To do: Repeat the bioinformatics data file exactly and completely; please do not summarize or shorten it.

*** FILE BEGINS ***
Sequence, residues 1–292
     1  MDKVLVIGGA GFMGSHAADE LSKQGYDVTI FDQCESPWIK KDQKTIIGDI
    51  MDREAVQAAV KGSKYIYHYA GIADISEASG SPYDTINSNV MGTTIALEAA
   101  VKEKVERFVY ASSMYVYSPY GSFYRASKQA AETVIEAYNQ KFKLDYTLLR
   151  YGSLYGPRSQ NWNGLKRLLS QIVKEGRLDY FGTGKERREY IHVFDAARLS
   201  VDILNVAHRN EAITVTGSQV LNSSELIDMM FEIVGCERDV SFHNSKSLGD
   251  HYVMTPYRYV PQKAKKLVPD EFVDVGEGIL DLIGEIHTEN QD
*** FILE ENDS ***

Sequence, residues 1–292
     1  MDKVLVIGGA GFMGSHAADE LSKQGYDVTI FDQCESPWIK KDQKTIIGDI
    51  MDREAVQAAV KGSKYIYHYA GIADISEASG SPYDTINSNV MGTTIALEAA
   101  VKEKVERFVY ASSMYVYSPY GSFYRASKQA AETVIEAYNQ KFKLDYTLLR
   151  YGSLYGPRSQ NWNGLKRLLS QIVKEGRLDY FGTGKERREY IHVFDAARLS
   201  VDILNVAHRN EAITVTGSQV LNSSELIDMM FEIVGCERDV SFHNSKSLGD
   251  HYVMTPYRYV PQKAKKLVPD EFVDVGEGIL DLIGEIHTEN QD